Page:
This special issue reflects the large number of high quality submissions on the economics of advertising that we have received in the last two years.
This paper presents a model of media competition with free entry when media platforms are financed both from advertising receipts and customers' subscriptions.
The existing literature on two-sided markets addresses participation externalities, but it has neglected pecuniary externalities between platforms.
This paper seeks to establish the importance of targeted advertising in media markets. Using zip-code level circulation for U.S.
Information technology lowers the cost of distributing information to dispersed consumers.
This paper is a first look at the dynamic effects of customer poaching in homogeneous product markets, where firms need to invest in advertising to generate awareness.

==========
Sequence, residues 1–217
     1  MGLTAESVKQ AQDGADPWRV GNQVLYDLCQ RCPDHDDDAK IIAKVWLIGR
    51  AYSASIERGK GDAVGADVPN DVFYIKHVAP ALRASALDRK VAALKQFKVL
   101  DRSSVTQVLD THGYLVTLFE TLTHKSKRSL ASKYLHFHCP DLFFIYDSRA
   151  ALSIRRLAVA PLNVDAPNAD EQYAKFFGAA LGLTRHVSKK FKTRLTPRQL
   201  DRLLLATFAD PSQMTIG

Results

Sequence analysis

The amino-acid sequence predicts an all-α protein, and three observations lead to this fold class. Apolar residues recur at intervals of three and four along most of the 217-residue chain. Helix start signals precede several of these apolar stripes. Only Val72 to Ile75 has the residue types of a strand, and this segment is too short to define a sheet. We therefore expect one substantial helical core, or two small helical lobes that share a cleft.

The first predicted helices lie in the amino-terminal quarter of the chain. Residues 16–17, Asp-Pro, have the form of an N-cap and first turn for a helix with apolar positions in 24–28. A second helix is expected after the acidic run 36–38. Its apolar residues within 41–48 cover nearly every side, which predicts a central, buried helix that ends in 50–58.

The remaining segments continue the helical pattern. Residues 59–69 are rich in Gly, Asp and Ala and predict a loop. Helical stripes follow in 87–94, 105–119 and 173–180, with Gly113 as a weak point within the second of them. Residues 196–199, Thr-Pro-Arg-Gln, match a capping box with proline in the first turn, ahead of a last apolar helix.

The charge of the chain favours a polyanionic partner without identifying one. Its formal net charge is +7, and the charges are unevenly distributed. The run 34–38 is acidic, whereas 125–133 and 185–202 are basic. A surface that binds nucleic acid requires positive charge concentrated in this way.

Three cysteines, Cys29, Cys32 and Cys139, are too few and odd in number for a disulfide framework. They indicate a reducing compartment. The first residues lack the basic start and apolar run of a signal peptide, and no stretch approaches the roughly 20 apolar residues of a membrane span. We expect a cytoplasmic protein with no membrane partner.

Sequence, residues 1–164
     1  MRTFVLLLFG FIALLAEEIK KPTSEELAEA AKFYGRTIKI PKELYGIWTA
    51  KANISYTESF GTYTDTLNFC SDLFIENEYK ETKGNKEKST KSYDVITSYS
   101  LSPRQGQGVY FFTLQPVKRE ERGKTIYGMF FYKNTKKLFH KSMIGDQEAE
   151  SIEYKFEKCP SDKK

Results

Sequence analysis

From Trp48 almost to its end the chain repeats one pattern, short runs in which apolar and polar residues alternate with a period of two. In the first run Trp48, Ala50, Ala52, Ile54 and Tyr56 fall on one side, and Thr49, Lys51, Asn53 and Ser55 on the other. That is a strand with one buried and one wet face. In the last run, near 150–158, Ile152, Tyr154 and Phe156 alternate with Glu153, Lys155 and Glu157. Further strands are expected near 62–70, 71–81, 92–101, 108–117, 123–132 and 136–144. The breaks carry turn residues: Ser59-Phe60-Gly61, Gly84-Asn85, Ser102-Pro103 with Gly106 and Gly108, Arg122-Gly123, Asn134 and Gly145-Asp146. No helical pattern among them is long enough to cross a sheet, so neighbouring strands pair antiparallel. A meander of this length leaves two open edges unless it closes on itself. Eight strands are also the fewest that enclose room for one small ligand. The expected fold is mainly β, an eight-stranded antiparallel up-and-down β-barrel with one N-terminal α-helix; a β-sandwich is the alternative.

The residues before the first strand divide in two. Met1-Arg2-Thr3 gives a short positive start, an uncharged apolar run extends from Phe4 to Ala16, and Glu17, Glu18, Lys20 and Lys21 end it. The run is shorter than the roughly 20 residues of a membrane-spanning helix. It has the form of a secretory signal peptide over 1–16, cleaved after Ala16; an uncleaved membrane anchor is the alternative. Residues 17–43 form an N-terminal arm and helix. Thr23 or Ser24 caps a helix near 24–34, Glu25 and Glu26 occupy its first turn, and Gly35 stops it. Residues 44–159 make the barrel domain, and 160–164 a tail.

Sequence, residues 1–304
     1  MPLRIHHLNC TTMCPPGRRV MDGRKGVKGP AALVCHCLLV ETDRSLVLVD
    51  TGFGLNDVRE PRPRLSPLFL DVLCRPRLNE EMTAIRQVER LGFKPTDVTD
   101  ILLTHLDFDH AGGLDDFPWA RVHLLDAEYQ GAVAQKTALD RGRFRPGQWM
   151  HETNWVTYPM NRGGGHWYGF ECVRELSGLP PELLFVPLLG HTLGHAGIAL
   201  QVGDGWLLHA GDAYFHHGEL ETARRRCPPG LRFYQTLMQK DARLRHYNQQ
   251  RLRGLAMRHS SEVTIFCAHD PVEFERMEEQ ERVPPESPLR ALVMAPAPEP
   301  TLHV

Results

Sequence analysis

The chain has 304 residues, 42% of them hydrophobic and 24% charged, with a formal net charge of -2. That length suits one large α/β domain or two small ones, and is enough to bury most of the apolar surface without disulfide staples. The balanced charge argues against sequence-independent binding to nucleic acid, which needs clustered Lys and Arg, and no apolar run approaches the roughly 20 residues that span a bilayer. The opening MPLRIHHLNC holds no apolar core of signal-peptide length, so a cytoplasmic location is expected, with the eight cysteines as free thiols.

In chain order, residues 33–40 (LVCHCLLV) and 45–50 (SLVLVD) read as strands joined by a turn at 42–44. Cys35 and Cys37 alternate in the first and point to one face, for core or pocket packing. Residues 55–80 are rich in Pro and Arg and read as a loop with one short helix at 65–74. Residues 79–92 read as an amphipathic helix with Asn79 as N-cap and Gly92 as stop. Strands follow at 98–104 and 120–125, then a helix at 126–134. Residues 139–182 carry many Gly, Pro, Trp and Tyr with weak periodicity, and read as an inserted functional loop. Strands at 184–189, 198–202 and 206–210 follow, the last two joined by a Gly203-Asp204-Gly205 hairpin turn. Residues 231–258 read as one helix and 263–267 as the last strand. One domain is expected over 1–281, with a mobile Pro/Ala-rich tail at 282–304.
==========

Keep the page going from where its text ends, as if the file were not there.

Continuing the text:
In a duopoly version of the Grossman and Shapiro  model of informative advertising, I examine firms' incentives to semicollude on advertising and the welfare implications thereof.
We analyze costly quality disclosure with horizontally differentiated products under duopoly and a cartel, and characterize the effect of competition on disclosure and welfare.
There are many laws that require sellers to disclose private information about the quality of their products.